At the end of the day you have to remember you are effectively making tunes for people to enjoy, go crazy to or whatever and not writing a score for your final dissertation in music technology but as long as you keep your primary focus fixed on making good quality music combined with the technicality of it all you can’t go wrong.


Now on to ‘Cobra’, it’s a big track which will clear anything in its path, when did it come about?

Like we mentioned earlier, last summer we took time out to buy some new kit and really get deep into taking our sound to the next level. We started by learning how to make our own breakbeats from scratch without samples and making some nasty basses like we used to like in 2000 – 2004 and then went from there.

The results we got from getting really technical and harnessing this new way of working was phenomenal and so we ran with it for a while making tunes like ‘Ladies night’, ‘the Truth’ and then ‘Outlaw Renegade’ and off the back of that session came ‘Cobra’, ‘Testify’ and more you haven’t heard yet.

It’s funny to watch how the music goes round in circles over time but by using modern techniques and plugins updating and modifying it starts to sound fresh to us again.

How did the linkup with Playaz come about? How does your outlook and theirs match up?

We’ve had a single released on Playaz a few years ago, ‘Steal My Heart’ Feat Youngman so we’ve worked closely with them in the past.

We played at WODNB in Moscow at end of last year, after chatting with Hype and playing him some of our new material, it all just fell into place very quickly, it felt like the right thing to do with those specific tracks, they’ve always supported us and our music. We want to keep things fresh so slipping in a Playaz release felt like a way of surprising people.

We’ve a couple more surprises to come once we get them finished up. Playaz like to release dance-floor music & so do we.

‘Testify’ made me think of gritty street vibes: it’s contemporary but feels drawn from the 70s too, how does that sit with you?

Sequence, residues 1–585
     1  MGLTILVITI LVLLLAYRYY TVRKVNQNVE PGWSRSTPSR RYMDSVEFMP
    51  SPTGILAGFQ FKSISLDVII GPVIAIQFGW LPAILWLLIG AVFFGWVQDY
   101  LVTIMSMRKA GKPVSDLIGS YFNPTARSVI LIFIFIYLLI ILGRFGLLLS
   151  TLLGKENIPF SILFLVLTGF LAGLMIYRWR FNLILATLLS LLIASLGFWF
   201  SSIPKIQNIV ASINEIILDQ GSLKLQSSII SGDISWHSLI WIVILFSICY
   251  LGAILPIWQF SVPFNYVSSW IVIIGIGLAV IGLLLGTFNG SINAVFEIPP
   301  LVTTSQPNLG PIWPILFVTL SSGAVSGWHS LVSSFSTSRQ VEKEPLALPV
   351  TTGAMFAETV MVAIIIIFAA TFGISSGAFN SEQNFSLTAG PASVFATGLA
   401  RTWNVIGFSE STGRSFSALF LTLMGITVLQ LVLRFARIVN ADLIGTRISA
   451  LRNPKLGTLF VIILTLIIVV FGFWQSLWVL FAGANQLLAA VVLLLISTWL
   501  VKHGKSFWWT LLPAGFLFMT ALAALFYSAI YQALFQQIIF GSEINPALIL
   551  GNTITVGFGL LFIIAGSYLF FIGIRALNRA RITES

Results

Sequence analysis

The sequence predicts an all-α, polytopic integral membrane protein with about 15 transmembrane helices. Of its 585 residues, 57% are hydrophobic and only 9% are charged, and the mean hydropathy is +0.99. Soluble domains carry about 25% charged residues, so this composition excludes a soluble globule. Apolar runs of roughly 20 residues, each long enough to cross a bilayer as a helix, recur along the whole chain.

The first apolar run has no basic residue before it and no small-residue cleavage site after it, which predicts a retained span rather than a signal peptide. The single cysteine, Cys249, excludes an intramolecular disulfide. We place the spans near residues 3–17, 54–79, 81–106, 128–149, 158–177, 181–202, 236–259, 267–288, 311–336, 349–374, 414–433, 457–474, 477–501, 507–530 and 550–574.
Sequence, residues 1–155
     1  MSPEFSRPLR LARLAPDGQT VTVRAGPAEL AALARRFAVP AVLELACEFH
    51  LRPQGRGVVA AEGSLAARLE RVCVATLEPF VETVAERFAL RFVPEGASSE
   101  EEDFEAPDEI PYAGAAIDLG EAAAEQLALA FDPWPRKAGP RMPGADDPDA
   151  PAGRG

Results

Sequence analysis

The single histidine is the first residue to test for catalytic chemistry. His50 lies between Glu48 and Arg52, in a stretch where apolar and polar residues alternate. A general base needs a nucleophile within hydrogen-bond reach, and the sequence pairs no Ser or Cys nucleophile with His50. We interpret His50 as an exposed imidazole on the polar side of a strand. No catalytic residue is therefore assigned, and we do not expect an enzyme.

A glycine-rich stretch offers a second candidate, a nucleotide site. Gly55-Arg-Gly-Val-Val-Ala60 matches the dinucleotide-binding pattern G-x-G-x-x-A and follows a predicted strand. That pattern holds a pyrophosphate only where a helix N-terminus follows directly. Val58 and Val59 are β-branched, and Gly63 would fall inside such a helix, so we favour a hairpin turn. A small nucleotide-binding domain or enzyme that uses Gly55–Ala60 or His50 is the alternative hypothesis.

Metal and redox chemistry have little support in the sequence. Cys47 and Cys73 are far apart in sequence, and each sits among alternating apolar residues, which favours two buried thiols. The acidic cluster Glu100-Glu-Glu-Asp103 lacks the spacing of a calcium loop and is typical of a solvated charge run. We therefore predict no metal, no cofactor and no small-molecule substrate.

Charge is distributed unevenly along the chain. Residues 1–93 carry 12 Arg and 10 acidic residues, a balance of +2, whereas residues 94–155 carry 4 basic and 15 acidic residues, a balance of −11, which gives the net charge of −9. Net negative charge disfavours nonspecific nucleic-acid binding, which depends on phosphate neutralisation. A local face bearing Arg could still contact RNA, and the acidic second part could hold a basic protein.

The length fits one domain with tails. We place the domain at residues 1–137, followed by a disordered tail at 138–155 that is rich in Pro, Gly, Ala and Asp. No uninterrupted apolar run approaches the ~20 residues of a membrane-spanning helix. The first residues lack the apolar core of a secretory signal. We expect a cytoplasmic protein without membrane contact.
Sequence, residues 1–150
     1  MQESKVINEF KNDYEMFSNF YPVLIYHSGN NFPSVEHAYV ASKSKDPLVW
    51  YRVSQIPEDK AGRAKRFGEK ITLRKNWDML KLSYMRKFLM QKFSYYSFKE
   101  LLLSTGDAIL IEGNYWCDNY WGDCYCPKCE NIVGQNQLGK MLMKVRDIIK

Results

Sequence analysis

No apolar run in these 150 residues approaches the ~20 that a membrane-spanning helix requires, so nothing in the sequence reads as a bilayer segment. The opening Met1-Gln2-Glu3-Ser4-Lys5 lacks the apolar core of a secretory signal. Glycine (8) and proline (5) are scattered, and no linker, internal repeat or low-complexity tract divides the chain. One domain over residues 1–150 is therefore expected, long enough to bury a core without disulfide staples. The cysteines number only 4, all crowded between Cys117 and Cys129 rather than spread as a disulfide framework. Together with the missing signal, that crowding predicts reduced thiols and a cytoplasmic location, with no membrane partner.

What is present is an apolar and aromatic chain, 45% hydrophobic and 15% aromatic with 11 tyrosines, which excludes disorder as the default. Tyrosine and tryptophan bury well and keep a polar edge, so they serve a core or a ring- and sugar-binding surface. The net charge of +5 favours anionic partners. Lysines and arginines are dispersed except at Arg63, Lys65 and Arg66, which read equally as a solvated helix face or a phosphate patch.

‘Testify’, like ‘Outlaw Renegade’ and ‘The Rise of the Black Panther’ – coming out on Technique Summer Selection 2016 – all have that kinda gritty 70s vibe. It’s like what we mentioned earlier: we kind of wanted to try and do something a little different whilst at the same time harnessing our new skills and studio techniques. We like having an overall theme to our tracks because doing a drone / build up / drop on every tune gets a bit boring after 20 years.

Does the title refer to anything in particular?

We do try and give our tracks titles that help inspire and conjure up images of the tone and feeling of the track, like ‘Odyssey’, ‘West Bank’, ‘Rise of the Black Panther’ and so forth but, in this case, its title was purely based around the vocal sample.

What’s a tune that has influenced you: from the past but always inspires you, in production and outlook?

That’s a tricky one to be fair.

We’re influenced by all sorts of music across the board from old to new to liquid to damn right nasty and depending on the mood of the track depends on what we draw for inspiration. If we’re making a liquid kinda tune we try and listen to music that conjures similar feelings so it could be anything Roy Ayers to Calibre. Similarly if we’re doing something heavier it could be classic Dillinja to something as obscure as say Royal Blood.

As long as the music captures the basic raw emotion which we are trying to achieve it’s all good.


You can follow Damian B on Twitter, @DAMIAN___B
D&B for some time now; studied at institution of Fabio & Grooverider.